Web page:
I.  Over the last week, there has been a spurious controversy about Kate Osamor MP, the shadow secretary of state for international development, tweeting her support for BDS in regard to Israel. 

The Israeli security minister, Gilad Erdan, whose job it is to battle the BDS movement, alleges antisemitism near the Corbyn leadership. Corbyn has been invited to sack her, or discipline her, and to express his agreement, or disagreement with "blanket boycotts". 

Corbyn's spokesperson reassured the press that he didn't agree with blanket boycotts: a clever line since he knows, and the press doesn't, that BDS is not a blanket boycott. You can agree or disagree with specific forms of targeting. You can argue with Roger Waters. You can complain about academic boycotts. What you will. But the campaign has always been very clear that it aims at targeting Israeli institutions and corporations that are complicit in the forms of occupation, apartheid and settler-colonialism that oppress Palestinians.


II.  Inevitably, when this issue comes up, some people say, "why Israel?" And it's true, boycotts are always in some basic sense selective, and therefore hypocritical. You oppose South African apartheid? What about communist tyranny? You're against the Israeli occupation? What about the Chinese occupation of Tibet? Boycotting Ben-Gurion University because of its role in the occupation? You think Harvard has clean hands? What could lurk behind this curious ethical double book-keeping of yours? Gosh, one would almost think there was some sort of... prejudice at work? And so on.

If boycotts were about cleanliness of hand, purity of heart, and all of that, the challenge would have a point. If it was about the doomed idea that we can somehow not be involved in exploitation and oppression, then boycotting would be useless. But that is exactly why boycotting has to be selective, and it has to be based on a strategic consideration above all: will it, or will it not, help to reduce or end oppression?

I'm not going to settle that argument here, but I am going to set out in simple terms what BDS is about. The campaign for a Boycott, Divestment and Sanctions strategy targeting Israeli institutions began with an appeal by over 170 organisations of Palestinian civil society in 2005. This was in the context of a still mass, still global antiwar movement, and in the wake of the palpable failure of the Oslo process.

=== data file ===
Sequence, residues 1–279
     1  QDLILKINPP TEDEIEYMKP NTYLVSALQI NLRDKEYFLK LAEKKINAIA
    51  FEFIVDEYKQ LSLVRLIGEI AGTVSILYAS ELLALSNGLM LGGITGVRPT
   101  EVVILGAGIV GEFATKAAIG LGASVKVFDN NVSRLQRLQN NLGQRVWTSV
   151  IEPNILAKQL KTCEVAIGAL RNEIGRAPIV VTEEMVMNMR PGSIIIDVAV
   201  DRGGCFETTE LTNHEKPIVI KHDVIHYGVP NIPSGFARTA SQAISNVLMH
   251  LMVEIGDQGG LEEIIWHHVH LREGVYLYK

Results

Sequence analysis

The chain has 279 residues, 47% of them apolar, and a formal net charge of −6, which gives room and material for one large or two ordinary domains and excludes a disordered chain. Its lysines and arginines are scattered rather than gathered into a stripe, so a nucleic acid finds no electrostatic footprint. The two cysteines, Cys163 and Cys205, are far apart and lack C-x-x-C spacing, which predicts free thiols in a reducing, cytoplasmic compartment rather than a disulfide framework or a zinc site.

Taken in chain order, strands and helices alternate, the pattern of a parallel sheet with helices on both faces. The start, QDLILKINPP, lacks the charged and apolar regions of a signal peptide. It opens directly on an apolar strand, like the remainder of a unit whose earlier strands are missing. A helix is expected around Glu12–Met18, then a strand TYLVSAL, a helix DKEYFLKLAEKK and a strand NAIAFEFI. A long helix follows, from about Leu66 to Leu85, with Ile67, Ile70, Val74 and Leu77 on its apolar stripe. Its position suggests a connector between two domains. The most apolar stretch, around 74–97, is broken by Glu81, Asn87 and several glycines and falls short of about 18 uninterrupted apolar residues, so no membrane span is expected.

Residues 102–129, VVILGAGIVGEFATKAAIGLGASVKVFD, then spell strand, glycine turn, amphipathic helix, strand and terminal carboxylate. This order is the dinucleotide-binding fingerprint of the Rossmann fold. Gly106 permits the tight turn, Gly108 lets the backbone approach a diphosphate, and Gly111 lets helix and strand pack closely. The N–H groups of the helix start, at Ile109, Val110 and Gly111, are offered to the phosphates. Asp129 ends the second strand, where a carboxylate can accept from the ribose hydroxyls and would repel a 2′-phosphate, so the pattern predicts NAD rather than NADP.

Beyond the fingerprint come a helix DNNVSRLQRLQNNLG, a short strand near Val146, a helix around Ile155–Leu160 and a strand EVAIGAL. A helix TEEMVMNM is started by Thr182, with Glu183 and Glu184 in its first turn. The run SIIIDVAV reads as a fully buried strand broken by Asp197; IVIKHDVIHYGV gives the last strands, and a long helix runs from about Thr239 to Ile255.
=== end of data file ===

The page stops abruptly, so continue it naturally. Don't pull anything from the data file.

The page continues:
But it also arguably reflected a turn away from the disastrous military strategy of Hamas, Islamic Jihad, the Al-Aqsa Martyrs' Brigade, and the PFLP. Prior to 2001, suicide attacks had occurred in very small numbers, and was exclusively a tactic of jihadist groups. The Second Intifada that began in 2000 was initially a mass protest movement, not primarily a military struggle. The response, as Amnesty pointed out, was extremely brutal. Eighty percent of the Palestinians killed in the early days by Israeli troops, were protesters. 

There was a sudden, sharp spike in suicide attacks the following year, a disastrous detour into targeting civilians. It was short-lived. By 2004, Hamas (the main organisation using the tactic) had declared a ceasefire. By 2005-6, the numbers of such attacks were trailing off into the ones and twos and then zeroes. Israel's apologists have often claimed that this was entirely because of their 'separation wall'. The chronology doesn't reflect this. The tactic had been completely exhausted, and Hamas's ceasefire declared, well before even half of the wall was built. Had there been a desire to bypass the barrier, it would have been bypassed, as Israeli security forces know very well. The political impetus for the wall preceded the Second Intifada, and the rationale was primarily to do with the "demographic problem" -- viz. the growing Palestinian population, and the question of how to rule over them without letting them 'return' to Israel. As with all segregationist fantasies, it constitutes the racialised Other as a pollutant -- recalling Mary Douglas's definition of dirt as "matter out of place".

Nonetheless, whatever admixture of powerlessness, calculation, ideology, fantasy, despair and fury produced the turn to suicide attacks, it was clearly a political and moral disaster. By situating the struggle on a terrain where Israel had a massive material advantage, it guaranteed bloody defeat, and it was exceedingly bloody and brutal. 

Yet, the Oslo process had also failed, and so had the existing political leadership. Fatah, grounded in a capitalist class dependent on the Israeli economy, was implicated in the political structures of oppression. The settlements in the West Bank were expanding every year, not diminishing. The withdrawal of settlements from Gaza was not about abandoning political control over the territory, which remains tight; it was openly advertised by the Israeli Prime Minister's spokesperson as an effort to freeze the so-called 'peace process', and prevent the emergence of a Palestinian state.


III.  So, what do you call it when you rule over millions of people who have no citizenship rights? Whose movement is severely restricted? Who can't travel on certain roads? Who can't access or exploit natural resources, even water, because you have taken them over militarily and given them to colonists representing your own state? Where you kidnap, torture and murder their children with impunity?